Thursday, September 4, 2008

ASP.NET Site Warmup

UPDATE - 12/8/2011 - Project updated and moved to github

ASP.NET applications by nature exhibit some degree of delay upon initial access to the site. This is due to the nature of the JIT compilation, caching, etc - and most all ASP.NET websites of any size are going to exhibit some amount of delay on that first hit.

Now if you've ever done any admin work with Sharepoint, you've most likely used the Sharepoint-specific warmup script to eliminate Sharepoint's extremely annoying first-hit delay.

It was actually that script that got me thinking.. why not write a little app I can schedule to programmatically perform that first hit to any site(s) I want?

Sure, you could just plug an individual URL into a Scheduled Task and get the same effect - but this way just seemed a little cleaner to me.

Now there is nothing magic about the app. All it does is read in a list of sites from an xml file and perform an HTTP GET against them using an HttpWebRequest. The only thing even remotely out of the ordinary is that I included code to use the DefaultCredentials and also set the UserAgent.

I actually didn't realize it before this, but if you don't set the UserAgent and attempt to do a GET to a page that contains an AJAX .NET UpdatePanel - the page doesn't recognize the UserAgent and you'll get the wonderfully generic 500 System Error.

The heart of the code is this:

foreach (XmlNode node in xmlDoc.SelectNodes("Sites/Site"))
XmlElement url = (XmlElement)node;
HttpWebRequest request = (HttpWebRequest)WebRequest.Create(url.SelectSingleNode("URL").InnerText);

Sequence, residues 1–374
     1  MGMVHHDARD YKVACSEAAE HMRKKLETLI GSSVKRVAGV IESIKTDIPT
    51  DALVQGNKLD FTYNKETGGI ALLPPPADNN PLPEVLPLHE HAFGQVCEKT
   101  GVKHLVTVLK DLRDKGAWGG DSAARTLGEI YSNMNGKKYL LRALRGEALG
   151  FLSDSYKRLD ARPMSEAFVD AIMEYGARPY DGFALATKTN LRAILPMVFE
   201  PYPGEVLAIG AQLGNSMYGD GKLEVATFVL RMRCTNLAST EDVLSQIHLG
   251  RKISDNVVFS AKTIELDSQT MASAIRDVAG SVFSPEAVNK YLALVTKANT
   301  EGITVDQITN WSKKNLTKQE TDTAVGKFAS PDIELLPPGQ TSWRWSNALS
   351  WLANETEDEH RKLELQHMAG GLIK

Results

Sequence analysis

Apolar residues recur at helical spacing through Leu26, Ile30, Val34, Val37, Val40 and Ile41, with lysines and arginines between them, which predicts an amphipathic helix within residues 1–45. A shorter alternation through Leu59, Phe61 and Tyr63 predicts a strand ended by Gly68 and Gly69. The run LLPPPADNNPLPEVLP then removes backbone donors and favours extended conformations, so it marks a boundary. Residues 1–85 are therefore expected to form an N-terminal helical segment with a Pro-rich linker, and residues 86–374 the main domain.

request.Credentials = CredentialCache.DefaultCredentials;
request.UserAgent = "Mozilla/4.0 (compatible; MSIE 6.0; Windows NT 5.2; .NET CLR 1.0.3705;)";
WebResponse response = request.GetResponse();
Console.WriteLine(String.Format("{0} : Successful", url.SelectSingleNode("URL").InnerText));

To use, simply plug your sites into the sites.xml file and schedule the app to run as a Scheduled Task.

You may also run the exe with any normal help trigger (/h or /? or -? or etc..) for more information.


  1. Hi there... where can we download the EXE of this script?

  2. Tommy-
    I guess I didn't realize the compiled .exe wasn't included in the solution files.

    I've updated the zip to include it now.

    It's in the bin\Release folder.

  3. This is exactly what i was looking for! Thanks for sharing your code...

  4. Nice...Worked better than I expected.

  5. And what about if your pages require passwords?

  6. User420667-
    Good point. It'd only take a minor change to allow the user and pw to be set in the XML. Unfortunately it'd be plain text but I guess itd be better than nothing. I just run it under the credentials of a domain account that has access to the sites (integrated auth in intranet environment). I'll look at updating to handle basic auth as well. Thanks-

  7. Please notice the project has been moved to a github repository. All files are available there.

  8. I had the same in ruby on rails application with passenger but I found a nice tool ( ) that just prevents the webserver to go to sleep.

  9. Works nice, however... if one of the sites in the list is down (error 404 - not found), then the program just stops...
    I think it should continue and process the rest of the sites in the xml file.


  10. Hello, I just want to point a easyer solution :

    in IIS, go to your application pool, advanced settings and set idle timeout to 0. Same result, no additionnal software, cleaner.


  11. Great article Kenneth! I was wondering, if you had to request the same website on multiple servers, how would you go about that? The only option that comes to mind is editing you hosts file each time to a different IP address. Much appreciated